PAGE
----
Oslo is a rising star amongst international travelers. Traditionally tourists come to see Holmenkollen skijump, The Vikingship Museum, The Opera and Vigeland sculpture park. A new harbor-front, top quality art galleries and bold, innovative architecture are all a part of «Oslo reinvented», a continuous process suitable for the fastest growing capital of Europe.
But to really grasp the soul of a city, you need to venture beyond this. A city doesn’t grow from nothing, and although Oslo has been around for at least a thousand years, its evolution from a town into a proper city happened less than 200 years ago. It happened along the route of the Akerselva river, the reason Oslo in general, and Grünerløkka in particular is what it is today.
Akerselva is not the broad majestic river you find flowing through most large cities of continental Europe. Quite the opposite, Akerselva is a narrow, fast stream, filled with waterfalls and the remains of yesterday’s industrial heritage. It’s this industrial heritage that gave birth to Grünerløkka, the once run-down working-class neighborhood, now home to the creative masses, hip urbanites, and families with children.
Your best introduction to Grünerløkka is to walk the river, a favorite pastime for locals and still largely undiscovered by tourists. If you’re staying downtown the recommended route starts by taking the tram to Biermannsgate.
From downtown, take tram line 11,12 or 18 to Biermanns gate. There is road construction in the area, so be sure to check the Ruter travel information page before you go. Also be aware of the Covid-19 travel advice from the government.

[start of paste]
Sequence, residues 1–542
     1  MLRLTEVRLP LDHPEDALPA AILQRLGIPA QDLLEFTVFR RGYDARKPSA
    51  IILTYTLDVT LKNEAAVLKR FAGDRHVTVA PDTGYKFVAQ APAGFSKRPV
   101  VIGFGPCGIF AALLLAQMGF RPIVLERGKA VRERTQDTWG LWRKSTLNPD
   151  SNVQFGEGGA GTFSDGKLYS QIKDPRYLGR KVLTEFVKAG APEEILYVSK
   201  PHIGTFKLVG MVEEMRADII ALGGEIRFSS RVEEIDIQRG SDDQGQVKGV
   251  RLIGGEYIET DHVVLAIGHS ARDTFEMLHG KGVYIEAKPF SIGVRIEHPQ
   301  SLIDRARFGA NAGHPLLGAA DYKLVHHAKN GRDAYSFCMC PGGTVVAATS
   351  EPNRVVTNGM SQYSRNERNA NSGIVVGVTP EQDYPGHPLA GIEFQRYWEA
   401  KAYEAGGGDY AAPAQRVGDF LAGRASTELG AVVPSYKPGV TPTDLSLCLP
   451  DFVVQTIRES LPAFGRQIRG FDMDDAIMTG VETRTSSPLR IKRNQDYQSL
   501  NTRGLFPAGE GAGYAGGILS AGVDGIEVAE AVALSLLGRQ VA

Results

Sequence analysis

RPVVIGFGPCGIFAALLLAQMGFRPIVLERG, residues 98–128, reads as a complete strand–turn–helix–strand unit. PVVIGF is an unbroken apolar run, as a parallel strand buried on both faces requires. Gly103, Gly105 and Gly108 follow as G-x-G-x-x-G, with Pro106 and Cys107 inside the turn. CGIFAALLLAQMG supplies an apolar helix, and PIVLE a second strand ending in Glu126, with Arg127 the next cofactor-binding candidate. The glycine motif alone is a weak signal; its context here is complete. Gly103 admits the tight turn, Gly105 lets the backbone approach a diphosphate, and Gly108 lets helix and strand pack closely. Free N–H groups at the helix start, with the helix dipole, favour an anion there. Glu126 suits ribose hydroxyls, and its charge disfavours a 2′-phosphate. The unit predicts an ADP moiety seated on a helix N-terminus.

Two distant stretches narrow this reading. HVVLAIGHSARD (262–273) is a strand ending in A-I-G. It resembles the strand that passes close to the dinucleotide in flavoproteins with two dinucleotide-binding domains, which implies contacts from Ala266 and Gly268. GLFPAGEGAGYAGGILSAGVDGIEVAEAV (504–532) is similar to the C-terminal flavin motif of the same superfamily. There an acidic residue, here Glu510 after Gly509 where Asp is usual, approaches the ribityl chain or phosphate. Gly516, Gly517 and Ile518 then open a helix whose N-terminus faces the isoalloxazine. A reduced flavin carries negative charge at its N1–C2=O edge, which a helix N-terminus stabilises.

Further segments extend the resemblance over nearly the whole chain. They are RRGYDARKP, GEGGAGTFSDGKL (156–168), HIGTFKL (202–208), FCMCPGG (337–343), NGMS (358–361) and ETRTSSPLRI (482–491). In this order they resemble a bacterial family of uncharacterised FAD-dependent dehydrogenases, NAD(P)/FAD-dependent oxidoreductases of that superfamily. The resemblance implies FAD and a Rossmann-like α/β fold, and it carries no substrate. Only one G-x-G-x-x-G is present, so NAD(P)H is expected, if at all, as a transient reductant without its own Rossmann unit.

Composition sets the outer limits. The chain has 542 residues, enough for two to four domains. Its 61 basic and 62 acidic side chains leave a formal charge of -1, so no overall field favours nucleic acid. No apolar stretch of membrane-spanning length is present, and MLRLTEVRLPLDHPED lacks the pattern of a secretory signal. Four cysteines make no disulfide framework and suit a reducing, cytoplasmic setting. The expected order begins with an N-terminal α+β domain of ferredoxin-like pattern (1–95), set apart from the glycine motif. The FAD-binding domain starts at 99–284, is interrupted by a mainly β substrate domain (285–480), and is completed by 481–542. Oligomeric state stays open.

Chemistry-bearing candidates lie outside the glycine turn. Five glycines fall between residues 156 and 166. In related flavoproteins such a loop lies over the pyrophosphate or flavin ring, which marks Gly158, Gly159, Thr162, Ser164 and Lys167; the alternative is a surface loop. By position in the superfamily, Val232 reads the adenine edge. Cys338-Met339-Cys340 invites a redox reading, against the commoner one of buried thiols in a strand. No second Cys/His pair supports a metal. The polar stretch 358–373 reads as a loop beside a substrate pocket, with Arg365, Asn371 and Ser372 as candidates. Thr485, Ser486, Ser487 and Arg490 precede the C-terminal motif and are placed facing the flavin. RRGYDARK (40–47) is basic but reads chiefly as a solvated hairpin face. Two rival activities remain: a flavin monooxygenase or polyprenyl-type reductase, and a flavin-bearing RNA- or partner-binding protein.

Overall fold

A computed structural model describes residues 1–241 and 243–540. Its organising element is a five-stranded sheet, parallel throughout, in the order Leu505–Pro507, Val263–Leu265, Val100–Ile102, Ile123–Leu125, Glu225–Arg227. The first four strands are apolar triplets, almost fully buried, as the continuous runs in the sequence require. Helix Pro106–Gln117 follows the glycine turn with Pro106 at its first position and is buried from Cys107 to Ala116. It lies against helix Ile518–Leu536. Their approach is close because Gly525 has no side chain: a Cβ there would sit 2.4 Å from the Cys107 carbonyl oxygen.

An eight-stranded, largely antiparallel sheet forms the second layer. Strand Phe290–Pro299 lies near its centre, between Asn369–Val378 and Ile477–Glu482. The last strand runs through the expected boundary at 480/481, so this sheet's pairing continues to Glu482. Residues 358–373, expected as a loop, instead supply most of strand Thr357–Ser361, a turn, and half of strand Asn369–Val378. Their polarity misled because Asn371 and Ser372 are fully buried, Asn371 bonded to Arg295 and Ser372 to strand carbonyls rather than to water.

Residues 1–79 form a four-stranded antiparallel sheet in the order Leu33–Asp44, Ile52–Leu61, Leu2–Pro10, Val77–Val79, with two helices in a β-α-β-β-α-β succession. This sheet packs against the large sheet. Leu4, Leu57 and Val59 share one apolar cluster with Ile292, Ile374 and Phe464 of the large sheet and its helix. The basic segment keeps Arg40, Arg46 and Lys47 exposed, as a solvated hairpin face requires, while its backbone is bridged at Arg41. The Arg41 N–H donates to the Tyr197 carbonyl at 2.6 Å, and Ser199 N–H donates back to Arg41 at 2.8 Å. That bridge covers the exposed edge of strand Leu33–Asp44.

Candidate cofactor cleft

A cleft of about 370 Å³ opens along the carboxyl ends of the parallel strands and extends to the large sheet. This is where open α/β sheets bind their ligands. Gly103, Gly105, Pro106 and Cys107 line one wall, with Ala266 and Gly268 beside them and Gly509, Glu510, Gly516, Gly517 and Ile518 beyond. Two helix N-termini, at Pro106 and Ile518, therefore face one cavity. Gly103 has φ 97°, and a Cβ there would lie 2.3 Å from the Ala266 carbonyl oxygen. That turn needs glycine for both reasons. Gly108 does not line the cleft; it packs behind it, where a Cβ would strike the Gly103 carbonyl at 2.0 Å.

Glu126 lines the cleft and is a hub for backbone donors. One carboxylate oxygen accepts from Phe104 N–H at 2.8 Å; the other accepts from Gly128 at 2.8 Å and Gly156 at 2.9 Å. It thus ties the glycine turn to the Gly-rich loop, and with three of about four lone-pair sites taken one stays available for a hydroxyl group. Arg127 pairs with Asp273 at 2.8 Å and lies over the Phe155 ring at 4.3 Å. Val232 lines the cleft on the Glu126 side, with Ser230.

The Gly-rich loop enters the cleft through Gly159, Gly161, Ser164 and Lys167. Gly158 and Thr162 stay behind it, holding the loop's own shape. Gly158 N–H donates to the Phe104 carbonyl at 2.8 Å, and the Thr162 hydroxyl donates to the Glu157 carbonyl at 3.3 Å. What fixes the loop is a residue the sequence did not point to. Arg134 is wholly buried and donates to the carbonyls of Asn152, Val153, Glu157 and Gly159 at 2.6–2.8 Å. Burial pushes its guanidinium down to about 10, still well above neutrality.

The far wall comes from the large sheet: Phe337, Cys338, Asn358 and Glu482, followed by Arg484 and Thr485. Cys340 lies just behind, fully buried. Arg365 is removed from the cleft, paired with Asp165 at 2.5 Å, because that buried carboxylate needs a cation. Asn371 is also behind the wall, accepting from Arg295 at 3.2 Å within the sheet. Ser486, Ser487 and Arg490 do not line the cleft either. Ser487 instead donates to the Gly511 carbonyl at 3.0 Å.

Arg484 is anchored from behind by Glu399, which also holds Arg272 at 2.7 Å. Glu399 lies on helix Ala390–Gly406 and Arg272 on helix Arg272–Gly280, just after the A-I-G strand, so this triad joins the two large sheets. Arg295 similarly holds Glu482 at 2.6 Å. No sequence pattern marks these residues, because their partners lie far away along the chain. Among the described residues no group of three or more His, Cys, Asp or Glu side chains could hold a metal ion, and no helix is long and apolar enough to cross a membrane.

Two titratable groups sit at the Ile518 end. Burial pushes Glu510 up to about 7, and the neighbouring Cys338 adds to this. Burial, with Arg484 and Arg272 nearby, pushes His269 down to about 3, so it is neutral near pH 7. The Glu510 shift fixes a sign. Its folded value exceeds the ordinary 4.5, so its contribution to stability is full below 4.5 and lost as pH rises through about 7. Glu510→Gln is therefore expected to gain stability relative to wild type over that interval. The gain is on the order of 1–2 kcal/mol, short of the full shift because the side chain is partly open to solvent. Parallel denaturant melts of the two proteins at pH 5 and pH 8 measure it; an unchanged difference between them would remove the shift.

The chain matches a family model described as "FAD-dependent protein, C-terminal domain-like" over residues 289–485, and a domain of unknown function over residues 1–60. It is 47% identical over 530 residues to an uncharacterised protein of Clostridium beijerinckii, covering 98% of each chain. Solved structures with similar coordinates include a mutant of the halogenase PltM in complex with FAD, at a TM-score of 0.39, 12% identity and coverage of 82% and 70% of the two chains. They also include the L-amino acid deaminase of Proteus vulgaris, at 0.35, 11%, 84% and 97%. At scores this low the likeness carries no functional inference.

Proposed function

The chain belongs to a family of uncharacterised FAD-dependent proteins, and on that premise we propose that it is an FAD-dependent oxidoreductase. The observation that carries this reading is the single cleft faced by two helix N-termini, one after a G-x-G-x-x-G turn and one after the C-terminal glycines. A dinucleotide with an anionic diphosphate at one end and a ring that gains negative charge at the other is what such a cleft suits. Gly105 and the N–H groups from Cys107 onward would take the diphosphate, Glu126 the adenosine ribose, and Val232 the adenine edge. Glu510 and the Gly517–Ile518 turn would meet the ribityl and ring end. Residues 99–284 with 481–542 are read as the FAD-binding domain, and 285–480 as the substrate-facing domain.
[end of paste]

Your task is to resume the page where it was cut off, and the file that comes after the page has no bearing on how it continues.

Along the river
Here you should be able to hear the roar of the waterfalls at Vøyen to the west. Follow the sound and suddenly you’re standing on a bridge overlooking some of the most unexpected and scenic parts of Oslo.
A stop at Hønse-Lovisa’s house (red, wooden building next to the bridge) for waffles is almost mandatory and if you want to learn a bit more in-depth about the river’s history, check out the Workers museum just across the bridge.
Now continue downstream along the pathway beside the river. It forms part of what’s definitely the longest continuous park in Oslo. Some 9 km of facilitated walkways from the rivers source, Maridalen lake, to where it flows into the sea behind the Oslo Opera House.
Along the banks of the river you’ll notice plenty of large, brick buildings. These are old factories from the age of industrialization. Most of them have been preserved and now serve a very different kind of industry, the creative one.
The National Academy of the Arts, Oslo School of Architecture and Design, National Stage of Dance, Westerdahls school of communication, Strykejernet Art School and D.O.G.A (Design & Architecture Norway) are just some of the creative institutions you’ll find along this 1.5 km stretch of the river. These new uses have transformed what was once the industrial artery of Oslo, to its creative artery.
Past two more waterfalls you’re now in the Vulkan Area, named after the old metal works that used to be here. The old factory building now houses Mathallen, Oslo’s largest and most diverse food market, and certainly worth a visit.
Toilets are available in the basement and if your belly starts to growl there are plenty of options, both inside Mathallen and in the pedestrian area on the far side of the river. A personal favorite is Døgnvill burger, because you know…burgers!